Linkety

As a rule, I don’t do link blogging. It’s a pretty crowded field, and I’m way too slow on the draw. It’s better for me to stick with the failure analysis of torsion springs, where I have the field to myself.

Today, though, I ran across three things that I have little to add to but are deserving of more than the brief comment I can give to a link in my Twitter stream.

First is Nathan Grigg’s method for forcing Google Reader to refetch your blog’s feed immediately. This is a godsend for those of us who can’t seem to find our syntactical and typographical errors until after our posts are published. I’ll be adding his lines to my feed templates and incorporating his pinging code into my post publishing script this weekend.

Next up is Clark Goble’s variation on blackbird.py, the script I use to embed tweets in web pages. In addition to making a few stylistic changes,1 Clark has created a Quickeys macro with which he can generate the HTML code from the selected tweet in Tweetbot. This, to me, is what scripting is all about—not just using others’ work, but recasting it to fit your own needs.

Finally, Gabe Weatherhead from Macdrifter has joined the ranks of podcasters with Generational on the 70 Decibels network. Its topic is “living with technology and trying to make it all work together.” I hope he has an episode about how to find time to listen to all the cool podcasts that are out now. Then maybe I’ll be able to return to whatever show I decide to drop to make room for Gabe.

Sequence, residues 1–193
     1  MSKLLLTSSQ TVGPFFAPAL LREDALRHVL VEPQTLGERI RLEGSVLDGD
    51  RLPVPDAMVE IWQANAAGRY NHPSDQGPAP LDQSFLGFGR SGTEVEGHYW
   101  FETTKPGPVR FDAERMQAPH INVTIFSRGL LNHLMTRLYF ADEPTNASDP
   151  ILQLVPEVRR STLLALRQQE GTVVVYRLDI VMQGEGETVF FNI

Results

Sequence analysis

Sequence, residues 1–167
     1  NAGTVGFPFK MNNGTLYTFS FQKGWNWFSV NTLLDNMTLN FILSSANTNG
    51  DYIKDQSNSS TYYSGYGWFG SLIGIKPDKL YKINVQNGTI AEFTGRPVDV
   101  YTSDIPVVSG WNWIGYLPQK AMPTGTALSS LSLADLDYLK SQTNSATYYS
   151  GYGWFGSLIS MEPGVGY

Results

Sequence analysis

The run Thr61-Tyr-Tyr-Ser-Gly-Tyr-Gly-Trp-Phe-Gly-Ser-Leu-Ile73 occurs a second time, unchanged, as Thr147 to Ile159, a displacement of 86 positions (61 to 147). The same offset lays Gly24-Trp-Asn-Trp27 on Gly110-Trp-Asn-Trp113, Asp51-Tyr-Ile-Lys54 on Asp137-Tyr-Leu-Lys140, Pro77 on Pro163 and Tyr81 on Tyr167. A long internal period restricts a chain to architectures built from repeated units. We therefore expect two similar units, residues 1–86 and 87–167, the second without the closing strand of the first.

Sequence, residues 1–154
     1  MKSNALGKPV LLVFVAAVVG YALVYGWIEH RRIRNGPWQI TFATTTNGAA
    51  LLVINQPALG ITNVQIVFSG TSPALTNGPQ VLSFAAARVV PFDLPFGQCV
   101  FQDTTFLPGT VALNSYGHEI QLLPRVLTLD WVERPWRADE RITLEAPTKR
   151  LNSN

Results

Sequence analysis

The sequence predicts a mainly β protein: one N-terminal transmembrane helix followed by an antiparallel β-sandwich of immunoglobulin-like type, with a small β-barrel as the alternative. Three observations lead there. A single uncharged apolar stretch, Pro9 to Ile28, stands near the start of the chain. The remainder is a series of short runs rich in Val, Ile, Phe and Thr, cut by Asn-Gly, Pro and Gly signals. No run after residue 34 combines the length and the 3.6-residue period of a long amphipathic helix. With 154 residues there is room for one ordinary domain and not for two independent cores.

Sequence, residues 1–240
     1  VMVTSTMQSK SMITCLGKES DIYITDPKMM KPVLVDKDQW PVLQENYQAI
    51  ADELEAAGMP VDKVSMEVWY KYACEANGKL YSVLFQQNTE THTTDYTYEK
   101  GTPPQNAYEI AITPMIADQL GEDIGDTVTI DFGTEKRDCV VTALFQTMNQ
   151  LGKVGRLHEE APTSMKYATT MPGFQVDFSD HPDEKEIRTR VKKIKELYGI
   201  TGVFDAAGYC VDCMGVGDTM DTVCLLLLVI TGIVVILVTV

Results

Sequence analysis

Oh, wait! There’s one more thing. The In Our Time podcast from the BBC—a show I’ll never drop—returned from hiatus this week with an episode on The Cell. Starts a bit creakily, but gets moving after about 20 minutes or so. My only real complaint is that one of the guests referred to Robert Hooke as a “biologist.” Nonsense.


  1. Notice how gracefully I’m ignoring Clark’s dig that his embedded tweets have “a more subdued and less garish appearance” than mine. I’m classy that way. 


One Response to “Linkety”

  1. Clark says:

    No dig. It’s just that some people have kind of garish backgrounds so putting it on the tweet can be distracting. All depends who you’re quoting. Honest. (grin)